Thyroid Hormone Regulation

Overview
  • Thyroid Hormone activity is regulated at multiple steps; however, the primary point of regulation is synthesis of thyroid hormones by the thyroid gland. Here we discuss the basic circuitry which governs release of thyroid hormone by the thyroid gland.
Basic Circuitry
  • Overview
  • Hypothalamic Step:
    • The hypothalamus releases Thyrotropin-releasing Hormone (TRH) which acts on the anterior pituitary. It should be pointed out that TRH is also involved in the regulated release of prolactin.
  • Pituitary Step:
    • Upon being stimulated by TRH, the anterior pituitary synthesizes and secretes Thyroid Stimulating Hormone (TSH) which acts directly on the thyroid gland.
  • Thyroid Step:
    • Upon being stimulated by TSH the thyroid gland releases thyroid hormones.
  • Tissue Step:
    • Recall from Thyroid Hormone Synthesis that the thyroid gland mostly releases T4 which does not possess much endocrine activity. Target tissues possess the enzyme Iodinase that converts T4 to either T3 or rT3. T3 possesses tremendously more endocrine activity than T4 whereas rT3 does not possess any endocrine activity. Therefore, in reality, the final step of the thyroid hormone regulatory axis can be considered to occur in the actual peripheral target tissues.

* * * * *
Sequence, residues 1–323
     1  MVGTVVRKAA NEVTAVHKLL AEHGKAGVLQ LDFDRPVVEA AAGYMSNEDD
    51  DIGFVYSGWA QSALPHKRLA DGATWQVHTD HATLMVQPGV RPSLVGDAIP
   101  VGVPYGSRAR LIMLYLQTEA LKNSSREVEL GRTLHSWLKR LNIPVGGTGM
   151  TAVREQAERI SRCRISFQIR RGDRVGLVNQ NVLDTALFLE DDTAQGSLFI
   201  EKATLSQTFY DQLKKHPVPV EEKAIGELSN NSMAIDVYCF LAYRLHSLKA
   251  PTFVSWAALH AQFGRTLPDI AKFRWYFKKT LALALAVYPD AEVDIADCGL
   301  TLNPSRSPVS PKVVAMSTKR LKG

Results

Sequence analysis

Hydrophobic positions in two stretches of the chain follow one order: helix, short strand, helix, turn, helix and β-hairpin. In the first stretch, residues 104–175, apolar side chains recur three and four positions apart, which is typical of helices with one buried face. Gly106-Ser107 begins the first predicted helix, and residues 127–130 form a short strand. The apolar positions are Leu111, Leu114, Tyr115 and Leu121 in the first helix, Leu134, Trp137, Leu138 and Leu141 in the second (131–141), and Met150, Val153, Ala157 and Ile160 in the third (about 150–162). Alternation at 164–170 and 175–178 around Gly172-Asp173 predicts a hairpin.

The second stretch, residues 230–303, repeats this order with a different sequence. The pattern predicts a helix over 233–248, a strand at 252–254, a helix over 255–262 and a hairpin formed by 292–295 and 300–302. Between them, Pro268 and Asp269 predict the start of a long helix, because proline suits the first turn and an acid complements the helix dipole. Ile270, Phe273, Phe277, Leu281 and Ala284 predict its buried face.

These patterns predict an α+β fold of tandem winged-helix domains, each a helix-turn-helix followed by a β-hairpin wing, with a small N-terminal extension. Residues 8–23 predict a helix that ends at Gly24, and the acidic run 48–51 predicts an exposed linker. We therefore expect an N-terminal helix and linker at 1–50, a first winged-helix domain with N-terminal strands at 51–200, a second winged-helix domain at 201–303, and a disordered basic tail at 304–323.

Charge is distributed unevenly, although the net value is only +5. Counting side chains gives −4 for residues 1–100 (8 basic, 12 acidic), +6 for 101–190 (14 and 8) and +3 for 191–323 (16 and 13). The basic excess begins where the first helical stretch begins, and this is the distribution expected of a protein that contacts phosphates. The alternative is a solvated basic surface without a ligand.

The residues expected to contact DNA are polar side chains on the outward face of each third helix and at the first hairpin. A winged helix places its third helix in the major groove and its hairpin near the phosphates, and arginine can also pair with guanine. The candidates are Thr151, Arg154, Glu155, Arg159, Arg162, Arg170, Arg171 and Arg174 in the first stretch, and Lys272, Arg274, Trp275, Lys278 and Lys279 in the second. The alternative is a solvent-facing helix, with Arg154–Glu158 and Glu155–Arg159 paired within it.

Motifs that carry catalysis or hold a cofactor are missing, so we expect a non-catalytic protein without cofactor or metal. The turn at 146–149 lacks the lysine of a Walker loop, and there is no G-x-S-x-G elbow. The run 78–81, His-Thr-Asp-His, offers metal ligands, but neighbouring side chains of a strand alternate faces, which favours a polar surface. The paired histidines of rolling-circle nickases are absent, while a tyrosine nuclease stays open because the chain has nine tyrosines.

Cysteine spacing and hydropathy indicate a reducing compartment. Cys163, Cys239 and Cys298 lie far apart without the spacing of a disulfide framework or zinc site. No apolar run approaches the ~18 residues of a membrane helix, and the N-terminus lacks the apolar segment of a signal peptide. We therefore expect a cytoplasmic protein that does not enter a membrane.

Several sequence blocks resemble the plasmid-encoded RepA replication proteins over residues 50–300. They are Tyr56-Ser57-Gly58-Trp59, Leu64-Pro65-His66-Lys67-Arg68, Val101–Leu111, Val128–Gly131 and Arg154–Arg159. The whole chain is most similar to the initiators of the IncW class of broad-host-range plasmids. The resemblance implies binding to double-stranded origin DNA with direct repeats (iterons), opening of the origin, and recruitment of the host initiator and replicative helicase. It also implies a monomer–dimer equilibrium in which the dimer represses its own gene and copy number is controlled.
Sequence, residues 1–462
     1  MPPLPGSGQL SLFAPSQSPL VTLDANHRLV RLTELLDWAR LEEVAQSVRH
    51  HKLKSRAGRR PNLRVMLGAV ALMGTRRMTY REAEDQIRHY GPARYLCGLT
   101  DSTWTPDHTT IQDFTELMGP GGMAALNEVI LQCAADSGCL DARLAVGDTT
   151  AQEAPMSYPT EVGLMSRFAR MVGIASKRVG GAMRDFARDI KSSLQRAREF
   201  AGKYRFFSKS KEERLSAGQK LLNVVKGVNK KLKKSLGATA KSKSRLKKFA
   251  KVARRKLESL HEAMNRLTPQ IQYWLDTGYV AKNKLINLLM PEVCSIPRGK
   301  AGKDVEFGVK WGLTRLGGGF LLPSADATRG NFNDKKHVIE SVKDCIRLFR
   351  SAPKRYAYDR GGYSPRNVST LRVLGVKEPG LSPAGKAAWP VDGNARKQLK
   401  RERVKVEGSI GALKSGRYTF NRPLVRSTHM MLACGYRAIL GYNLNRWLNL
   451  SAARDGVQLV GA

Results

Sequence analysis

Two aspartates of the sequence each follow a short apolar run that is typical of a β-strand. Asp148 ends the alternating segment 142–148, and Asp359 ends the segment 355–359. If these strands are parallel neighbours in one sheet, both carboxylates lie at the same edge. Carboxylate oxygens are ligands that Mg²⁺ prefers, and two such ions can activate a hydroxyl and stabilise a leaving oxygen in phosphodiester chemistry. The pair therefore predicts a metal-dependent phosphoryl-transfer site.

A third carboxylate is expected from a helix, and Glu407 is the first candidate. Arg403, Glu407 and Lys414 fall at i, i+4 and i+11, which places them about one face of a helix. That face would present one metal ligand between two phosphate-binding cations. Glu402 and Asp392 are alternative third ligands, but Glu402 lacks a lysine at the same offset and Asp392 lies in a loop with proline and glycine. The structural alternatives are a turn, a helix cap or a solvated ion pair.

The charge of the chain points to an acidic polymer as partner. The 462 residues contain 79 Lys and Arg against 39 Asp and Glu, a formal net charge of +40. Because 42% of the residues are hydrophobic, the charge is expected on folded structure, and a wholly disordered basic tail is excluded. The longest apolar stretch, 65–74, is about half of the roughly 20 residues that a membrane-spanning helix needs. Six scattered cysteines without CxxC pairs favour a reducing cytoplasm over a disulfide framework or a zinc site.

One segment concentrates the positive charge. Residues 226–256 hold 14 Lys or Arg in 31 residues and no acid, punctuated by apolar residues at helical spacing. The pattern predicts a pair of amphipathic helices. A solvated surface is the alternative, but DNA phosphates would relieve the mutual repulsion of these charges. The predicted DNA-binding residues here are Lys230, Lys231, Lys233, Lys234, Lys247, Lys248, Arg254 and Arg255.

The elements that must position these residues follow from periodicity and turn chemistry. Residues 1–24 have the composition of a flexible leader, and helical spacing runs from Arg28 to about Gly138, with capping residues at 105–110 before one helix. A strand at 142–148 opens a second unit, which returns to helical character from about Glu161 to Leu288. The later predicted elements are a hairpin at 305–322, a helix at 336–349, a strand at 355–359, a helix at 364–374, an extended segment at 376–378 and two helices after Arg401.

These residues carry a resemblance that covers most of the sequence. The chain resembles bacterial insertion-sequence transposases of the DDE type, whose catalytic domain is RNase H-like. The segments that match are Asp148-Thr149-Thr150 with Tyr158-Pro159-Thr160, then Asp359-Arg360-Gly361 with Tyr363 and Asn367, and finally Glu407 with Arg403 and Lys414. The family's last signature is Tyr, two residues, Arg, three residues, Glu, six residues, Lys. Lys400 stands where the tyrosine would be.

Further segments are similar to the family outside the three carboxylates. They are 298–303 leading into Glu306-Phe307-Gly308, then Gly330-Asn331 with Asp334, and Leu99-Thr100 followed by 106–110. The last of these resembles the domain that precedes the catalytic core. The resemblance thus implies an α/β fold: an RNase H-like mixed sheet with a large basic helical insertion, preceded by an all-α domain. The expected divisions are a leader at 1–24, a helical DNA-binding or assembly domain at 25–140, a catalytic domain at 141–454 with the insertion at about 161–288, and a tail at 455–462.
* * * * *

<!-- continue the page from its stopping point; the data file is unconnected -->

Actions of TSH
  • TSH has multiple effects on the thyroid gland which increase thyroid hormone synthesis in the short-term and also increase the gland's capacity to make thyroid hormone over the long-term. TSH induces immediate release of thyroid hormone by activating every step involved in Thyroid Hormone Synthesis but most importantly induces endocytosis of peroxidase-processed thyroglobulin. TSH improves long-term capacity of the thyroid gland to produce thyroid hormones by acting as a trophic factor, resulting in both hypertrophy and hyperplasia of the thyroid follicular epithelial cells which can be observed as gross hypertrophy of the organ. Importantly, excessive stimulation of TSH receptors, as occurs in Graves Disease, can result in thyrotoxicosis and inappropriate hypertrophy of the thyroid gland.
Regulation of Thyroid Hormone Release
  • The primary point of regulation for this axis occurs at the step of TSH release from the anterior pituitary. The primary factor which stimulates anterior pituitary TSH release is hypothalamic TRH. Negative feedback control is achieved when free, unbound T3 acts on the anterior pituitary to reduce the release of TSH secretion. For normal individuals, this regulation results in a fairly stable day-to-day level of circulating thyroid hormones.
Regulation of Tissue Iodinase
  • Recall from above that thyroid-gland derived T4 is converted into the much more active form, T3, by the enzyme Iodinase in target tissues. However, target-tissue Iodinase can also convert T4 to rT3 which does not possess any endocrine activity. The ratio at which T3 or rT3 is produced can be considered another, though less important, regulatory step in the thyroid hormone axis. Usually about equal amounts or T3 and rT3 are produced by target tissues; however, under certain conditions that ratio can change. For example during pregnancy, fasting, or certain disease states a higher ratio of rT3 is produced; in contrast during states of obesity more T3 is produced.